The problem with believing in supernatural miracles is closely connected to the problem of believing in special revelation. Some claim that God has spoken to them. Of course, people mean this in different ways. But many people throughout history have claimed some special insight communicated directly to them from on high. The question is, why is it that these people are fortunate enough to hear the voice of God while others are not? Does God favor some over others?
Similarly, miraculous events could be occurring today. God could have been personally intervening when that tornado changed course and missed your house by a few feet. But to suggest such a thing is to suggest that your home was special and the dozen other houses that got ripped to pieces on your street weren’t important to God. If God chooses to intervene on behalf of some, we must also say that God chooses not to intervene on behalf of others. This kind of thinking paints God as a temperamental tyrant–not the kind of deity most of us would want to worship.
This problem, however, doesn’t go away if we understand miracles as natural occurrences. If God is simply letting things play out, rather than intervening whenever the inclination strikes, unlikely events will still occur. Statistically, these sort of “natural miracles” will inevitably happen–they are simply less likely.
In a normal distribution like that above, most people will fall into the ordinary experience category for any given phenomenon. A very small fraction, though, will experience a rare event that is highly desirable. We could call this event a miracle (surviving a plane crash). On the other end of the spectrum, though, people will also experience rare events that are highly undesirable. We call these events tragedies (getting into a plane crash in the first place).
In this model, God comes out looking better because the Divine isn’t picking and choosing who gets to have a miracle and who doesn’t. However, one could argue that God is completely absent from this model altogether. If supernatural events don’t happen in the real world, then we could ask whether or not God exists at all. If everything is left up to chance, what does the concept of “God” even mean?
What does God mean to you?
During our conversation, one of the group members mentioned a podcast in which Evangelical-turned-Atheist Bart Campolo makes the claim that religion without the supernatural is merely secular humanism. Is this statement true? If we demythologize our religion, do we just dilute ourselves into merely being “good people?” Does the notion of God disappear entirely? I don’t think so.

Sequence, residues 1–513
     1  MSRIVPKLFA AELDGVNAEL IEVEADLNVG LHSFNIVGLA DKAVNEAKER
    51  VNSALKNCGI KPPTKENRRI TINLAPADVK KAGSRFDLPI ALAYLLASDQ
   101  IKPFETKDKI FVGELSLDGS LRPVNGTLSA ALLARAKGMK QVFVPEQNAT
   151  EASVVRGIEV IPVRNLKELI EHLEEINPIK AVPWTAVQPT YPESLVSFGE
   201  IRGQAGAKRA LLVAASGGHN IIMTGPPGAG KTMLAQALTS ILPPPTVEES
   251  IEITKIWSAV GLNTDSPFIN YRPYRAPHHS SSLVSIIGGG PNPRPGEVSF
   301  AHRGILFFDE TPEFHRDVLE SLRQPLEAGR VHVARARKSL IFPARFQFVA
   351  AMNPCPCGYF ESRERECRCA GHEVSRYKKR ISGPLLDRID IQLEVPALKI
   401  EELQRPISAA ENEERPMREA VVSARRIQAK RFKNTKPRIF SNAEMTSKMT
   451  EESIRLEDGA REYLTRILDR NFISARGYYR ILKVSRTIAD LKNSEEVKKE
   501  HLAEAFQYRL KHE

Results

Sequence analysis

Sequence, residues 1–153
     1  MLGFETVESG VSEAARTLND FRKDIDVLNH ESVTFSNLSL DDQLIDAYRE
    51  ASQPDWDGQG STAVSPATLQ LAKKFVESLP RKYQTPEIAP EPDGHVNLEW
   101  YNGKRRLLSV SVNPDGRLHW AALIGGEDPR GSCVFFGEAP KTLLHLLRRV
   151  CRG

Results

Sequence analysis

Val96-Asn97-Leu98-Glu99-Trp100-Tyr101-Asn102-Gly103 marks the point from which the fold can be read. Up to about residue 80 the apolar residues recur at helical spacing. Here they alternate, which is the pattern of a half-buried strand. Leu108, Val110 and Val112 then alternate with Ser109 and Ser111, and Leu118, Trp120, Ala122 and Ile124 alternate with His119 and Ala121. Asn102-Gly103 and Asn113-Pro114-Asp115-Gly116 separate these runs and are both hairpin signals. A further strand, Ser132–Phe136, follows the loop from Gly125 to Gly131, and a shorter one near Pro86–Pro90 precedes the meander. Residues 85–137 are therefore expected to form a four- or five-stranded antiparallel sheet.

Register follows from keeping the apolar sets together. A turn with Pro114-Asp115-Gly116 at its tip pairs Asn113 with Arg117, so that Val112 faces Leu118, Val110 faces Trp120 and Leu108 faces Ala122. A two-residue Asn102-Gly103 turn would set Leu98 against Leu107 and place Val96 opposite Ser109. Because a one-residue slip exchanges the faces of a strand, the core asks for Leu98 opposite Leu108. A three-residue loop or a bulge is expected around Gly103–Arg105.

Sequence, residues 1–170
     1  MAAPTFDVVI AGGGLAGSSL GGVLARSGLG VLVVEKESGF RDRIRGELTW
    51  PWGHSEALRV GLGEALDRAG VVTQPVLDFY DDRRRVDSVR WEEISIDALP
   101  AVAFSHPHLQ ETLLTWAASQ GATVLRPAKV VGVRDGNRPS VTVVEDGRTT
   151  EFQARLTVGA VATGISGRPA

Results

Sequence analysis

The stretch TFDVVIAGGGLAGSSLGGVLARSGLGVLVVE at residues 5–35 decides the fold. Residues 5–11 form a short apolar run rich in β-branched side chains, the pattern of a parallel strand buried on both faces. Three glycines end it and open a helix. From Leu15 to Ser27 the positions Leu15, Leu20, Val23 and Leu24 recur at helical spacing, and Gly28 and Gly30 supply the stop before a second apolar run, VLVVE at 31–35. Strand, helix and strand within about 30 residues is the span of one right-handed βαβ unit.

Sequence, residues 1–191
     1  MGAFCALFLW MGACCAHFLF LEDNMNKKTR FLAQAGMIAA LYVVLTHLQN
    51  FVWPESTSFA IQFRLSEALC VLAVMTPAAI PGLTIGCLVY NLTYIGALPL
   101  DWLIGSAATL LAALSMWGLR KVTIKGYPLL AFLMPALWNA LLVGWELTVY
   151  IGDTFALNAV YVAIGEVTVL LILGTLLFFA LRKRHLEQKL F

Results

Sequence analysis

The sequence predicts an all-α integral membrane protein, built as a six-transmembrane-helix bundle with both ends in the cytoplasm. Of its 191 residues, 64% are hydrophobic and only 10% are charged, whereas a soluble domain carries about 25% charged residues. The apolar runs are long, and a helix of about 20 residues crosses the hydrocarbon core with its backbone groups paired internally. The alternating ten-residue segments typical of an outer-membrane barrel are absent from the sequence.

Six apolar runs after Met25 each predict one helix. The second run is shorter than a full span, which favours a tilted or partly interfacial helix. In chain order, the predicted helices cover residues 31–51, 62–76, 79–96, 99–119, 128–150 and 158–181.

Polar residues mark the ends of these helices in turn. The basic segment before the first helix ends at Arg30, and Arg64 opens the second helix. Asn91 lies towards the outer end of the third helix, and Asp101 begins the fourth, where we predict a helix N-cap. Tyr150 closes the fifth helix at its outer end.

I read a book not too long ago called A God that Could Be Real, by Nancy Ellen Abrams. In this book, Abrams describes herself from a traditionally atheistic point of view. She does not believe in anything outside of the material universe, but she has actually come to believe in God. How is this possible? Well, Abrams describes her idea of God as an emergent phenomenon within human society–much like the economy, the media, or government. God clearly exists as an entity to which we refer, but there’s nothing specifically we can point to and say, “That’s God!”
Another member of the discussion group made an interesting point. The more we try to explain, describe, and codify God, the more we turn God into an idol. To the extent that we attempt to define God, we are in effect inventing God.
In the podcast mentioned above, Bart Campolo frequently expresses his frustration with progressive Christians who believe in God but do not believe in supernaturalism. If you remove all the supernatural components, he asks the interviewer, what does God even mean to you? The interviewer seems stumped and really unsure about how to respond. He stumbles quite a bit, uses a lot of big words, and sort of sounds like he’s trying to convince himself rather than Bart.
To many listeners, the interviewer probably appeared in that moment as if he didn’t really believe in God but simply didn’t want to admit it to himself. The pitiful response, though, reminds me of what happens when my wife asks me why I love her. I stutter and stammer, helplessly trying to articulate something I can’t really wrap my head around but still know to be true. It doesn’t mean that I don’t love her (I swear, I do!); it just means that my love for her is beyond words. What if God is like that? What if the Divine is fundamentally indescribable? What if God is mystery?
The experience of awe